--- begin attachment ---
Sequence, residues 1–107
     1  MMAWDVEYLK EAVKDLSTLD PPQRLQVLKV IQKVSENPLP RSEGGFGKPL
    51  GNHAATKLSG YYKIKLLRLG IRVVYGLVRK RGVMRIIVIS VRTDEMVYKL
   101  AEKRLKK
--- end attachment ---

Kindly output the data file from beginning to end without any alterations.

Sequence, residues 1–107
     1  MMAWDVEYLK EAVKDLSTLD PPQRLQVLKV IQKVSENPLP RSEGGFGKPL
    51  GNHAATKLSG YYKIKLLRLG IRVVYGLVRK RGVMRIIVIS VRTDEMVYKL
   101  AEKRLKK